The Use or Misuse of Time

The Scriptural statement that man must work out his own salvation invests time with vital interest and value for him who would achieve that salvation, for his ultimate triumph over evil will be hastened or deferred according to the right or wrong use he makes of his time. A period is usually reached in mortal's experience, unless foreseen and forestalled, when the remembrance of unused opportunities, neglected privileges, and wasted hours, calls up the "unavailing tear" and keen remorse. To drift idly with the current of events, absorbed with the passing pleasures and vanities of sensuous world and careless of the pleadings for recognition of man's spiritual being, is to enter the torture-chamber of memory when the flame of corporeal joys has burned itself out.

If mortals but heard the Christ patiently knocking at the door of consciousness; if they but realized the utter emptiness of the whole dreary dream of matter, they would have no time for that which but prolongs the illusion and the pain of mortality. If this material sense of life constituted man's real being, we might well yield our time and thought to it, but Christianity teaches that not materiality but spirituality represents the truth and permanence of being. Those who have truly discerned this fact, those who have learned well their first lessons in Christian Science and have awakened to the delusion of the so-called material senses, should have no time except in which to follow Christ. To be Christ-like in every moment and in every place is the only road by which we may reach Jesus' dominion over the flesh.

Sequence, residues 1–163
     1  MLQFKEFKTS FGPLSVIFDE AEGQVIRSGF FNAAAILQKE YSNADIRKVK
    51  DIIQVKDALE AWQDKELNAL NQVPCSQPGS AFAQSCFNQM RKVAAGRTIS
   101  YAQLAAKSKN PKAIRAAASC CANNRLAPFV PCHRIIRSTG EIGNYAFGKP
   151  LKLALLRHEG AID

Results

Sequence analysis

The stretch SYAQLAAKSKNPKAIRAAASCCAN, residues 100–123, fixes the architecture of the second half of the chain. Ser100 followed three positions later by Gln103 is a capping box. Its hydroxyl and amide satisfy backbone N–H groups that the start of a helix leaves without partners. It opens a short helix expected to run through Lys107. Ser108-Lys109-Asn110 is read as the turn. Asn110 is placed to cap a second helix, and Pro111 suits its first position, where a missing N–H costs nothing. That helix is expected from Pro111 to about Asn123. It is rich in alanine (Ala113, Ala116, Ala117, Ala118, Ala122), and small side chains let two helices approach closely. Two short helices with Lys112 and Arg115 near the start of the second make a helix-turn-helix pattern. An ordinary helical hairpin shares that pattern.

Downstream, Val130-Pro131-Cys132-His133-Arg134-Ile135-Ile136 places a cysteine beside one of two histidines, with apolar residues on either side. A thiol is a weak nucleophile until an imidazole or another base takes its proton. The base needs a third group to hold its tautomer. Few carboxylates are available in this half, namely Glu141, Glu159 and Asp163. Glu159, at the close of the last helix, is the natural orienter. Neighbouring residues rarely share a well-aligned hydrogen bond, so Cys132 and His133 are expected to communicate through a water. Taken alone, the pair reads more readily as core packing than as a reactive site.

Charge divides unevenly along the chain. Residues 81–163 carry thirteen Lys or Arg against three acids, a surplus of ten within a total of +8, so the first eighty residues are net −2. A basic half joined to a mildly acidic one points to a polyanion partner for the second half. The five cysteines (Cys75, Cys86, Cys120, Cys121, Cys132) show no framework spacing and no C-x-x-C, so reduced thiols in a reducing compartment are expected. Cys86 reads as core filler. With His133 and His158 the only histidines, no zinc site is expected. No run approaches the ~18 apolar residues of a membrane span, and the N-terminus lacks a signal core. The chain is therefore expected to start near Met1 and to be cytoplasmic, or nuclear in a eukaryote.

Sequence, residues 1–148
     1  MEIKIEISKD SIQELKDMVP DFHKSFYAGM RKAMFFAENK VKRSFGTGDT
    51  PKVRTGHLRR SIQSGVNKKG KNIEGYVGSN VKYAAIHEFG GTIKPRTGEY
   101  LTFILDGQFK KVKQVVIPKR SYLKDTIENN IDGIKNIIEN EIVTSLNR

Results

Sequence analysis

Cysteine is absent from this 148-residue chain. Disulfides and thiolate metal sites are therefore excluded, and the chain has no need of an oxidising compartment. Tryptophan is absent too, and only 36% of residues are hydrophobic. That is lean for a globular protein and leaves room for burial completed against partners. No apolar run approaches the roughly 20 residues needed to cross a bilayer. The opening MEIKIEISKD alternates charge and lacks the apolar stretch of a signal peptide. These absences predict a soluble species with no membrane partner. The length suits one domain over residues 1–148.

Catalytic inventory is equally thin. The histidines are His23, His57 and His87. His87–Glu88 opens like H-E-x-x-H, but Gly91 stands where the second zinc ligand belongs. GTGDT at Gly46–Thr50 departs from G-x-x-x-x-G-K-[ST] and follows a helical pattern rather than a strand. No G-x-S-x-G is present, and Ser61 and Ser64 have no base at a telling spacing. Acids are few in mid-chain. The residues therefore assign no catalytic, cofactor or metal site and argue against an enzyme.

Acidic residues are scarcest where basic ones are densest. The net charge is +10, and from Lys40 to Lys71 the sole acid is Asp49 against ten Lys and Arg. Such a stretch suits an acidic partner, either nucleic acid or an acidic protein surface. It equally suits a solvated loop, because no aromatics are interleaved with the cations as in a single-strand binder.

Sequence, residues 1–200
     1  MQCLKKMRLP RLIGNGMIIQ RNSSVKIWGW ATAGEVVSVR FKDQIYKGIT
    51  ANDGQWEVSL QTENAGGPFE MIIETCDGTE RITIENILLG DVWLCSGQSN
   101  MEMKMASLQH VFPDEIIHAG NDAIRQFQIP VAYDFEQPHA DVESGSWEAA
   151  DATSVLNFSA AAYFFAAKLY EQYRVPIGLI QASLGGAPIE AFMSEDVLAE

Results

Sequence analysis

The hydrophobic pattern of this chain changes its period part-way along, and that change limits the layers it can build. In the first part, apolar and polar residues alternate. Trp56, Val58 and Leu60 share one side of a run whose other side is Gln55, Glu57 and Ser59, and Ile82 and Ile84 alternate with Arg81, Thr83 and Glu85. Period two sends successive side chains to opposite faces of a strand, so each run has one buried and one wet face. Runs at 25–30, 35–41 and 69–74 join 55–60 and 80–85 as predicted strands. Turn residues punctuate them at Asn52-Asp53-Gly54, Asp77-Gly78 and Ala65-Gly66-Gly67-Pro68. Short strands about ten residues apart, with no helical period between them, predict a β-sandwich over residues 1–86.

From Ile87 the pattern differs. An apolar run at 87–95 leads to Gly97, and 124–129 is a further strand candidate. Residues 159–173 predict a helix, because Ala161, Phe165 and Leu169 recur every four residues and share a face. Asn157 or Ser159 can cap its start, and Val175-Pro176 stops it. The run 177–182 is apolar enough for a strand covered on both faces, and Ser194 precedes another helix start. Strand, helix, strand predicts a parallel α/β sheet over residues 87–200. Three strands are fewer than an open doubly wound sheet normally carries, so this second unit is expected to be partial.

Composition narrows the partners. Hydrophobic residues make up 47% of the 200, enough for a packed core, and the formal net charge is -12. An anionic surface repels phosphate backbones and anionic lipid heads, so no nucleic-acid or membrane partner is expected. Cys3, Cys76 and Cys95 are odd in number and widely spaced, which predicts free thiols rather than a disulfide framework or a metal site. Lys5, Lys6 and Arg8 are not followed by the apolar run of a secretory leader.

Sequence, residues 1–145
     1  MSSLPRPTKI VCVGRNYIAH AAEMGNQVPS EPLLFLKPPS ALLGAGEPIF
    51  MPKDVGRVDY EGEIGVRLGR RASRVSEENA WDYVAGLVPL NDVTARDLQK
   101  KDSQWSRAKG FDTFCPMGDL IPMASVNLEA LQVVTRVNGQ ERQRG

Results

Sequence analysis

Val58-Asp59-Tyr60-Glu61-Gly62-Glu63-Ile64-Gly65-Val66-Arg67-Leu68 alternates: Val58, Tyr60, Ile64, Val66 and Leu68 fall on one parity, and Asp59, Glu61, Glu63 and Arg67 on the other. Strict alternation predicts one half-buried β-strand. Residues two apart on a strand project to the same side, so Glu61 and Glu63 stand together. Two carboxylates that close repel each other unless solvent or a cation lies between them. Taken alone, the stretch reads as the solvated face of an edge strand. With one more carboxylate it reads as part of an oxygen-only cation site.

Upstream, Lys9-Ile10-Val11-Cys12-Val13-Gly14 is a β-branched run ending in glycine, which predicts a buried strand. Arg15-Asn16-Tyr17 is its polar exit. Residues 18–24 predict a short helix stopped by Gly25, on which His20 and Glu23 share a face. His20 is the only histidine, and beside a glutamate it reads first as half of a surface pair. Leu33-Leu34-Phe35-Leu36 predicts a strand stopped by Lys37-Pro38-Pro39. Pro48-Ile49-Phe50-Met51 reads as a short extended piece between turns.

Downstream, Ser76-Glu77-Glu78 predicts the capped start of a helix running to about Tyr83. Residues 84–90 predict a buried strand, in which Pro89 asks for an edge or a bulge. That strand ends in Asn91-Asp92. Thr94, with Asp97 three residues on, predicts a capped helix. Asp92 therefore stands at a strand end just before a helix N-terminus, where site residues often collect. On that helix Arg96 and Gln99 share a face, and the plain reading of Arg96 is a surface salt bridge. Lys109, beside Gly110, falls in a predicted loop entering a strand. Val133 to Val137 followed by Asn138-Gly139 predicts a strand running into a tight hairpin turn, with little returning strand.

Do we sufficiently consider that we must give account of the use of our time as well as of our abilities, that we are simply stewards of the days and years? All things belong to God, and what man has of Him, whether of time or talent, is of good only. What moral right have we to use or misuse even a moment for wrong? To bring out in our experience God's true ideal, the real man, requires that each moment be lived truly; not wantonly nor idly, but in the constant recognition of and obedience to the rightful rule of good in man. To give our time for purposes of evil,—evil thinking, evil speaking, evil doing,—is suicidal to every hope of salvation.

May 28, 1904

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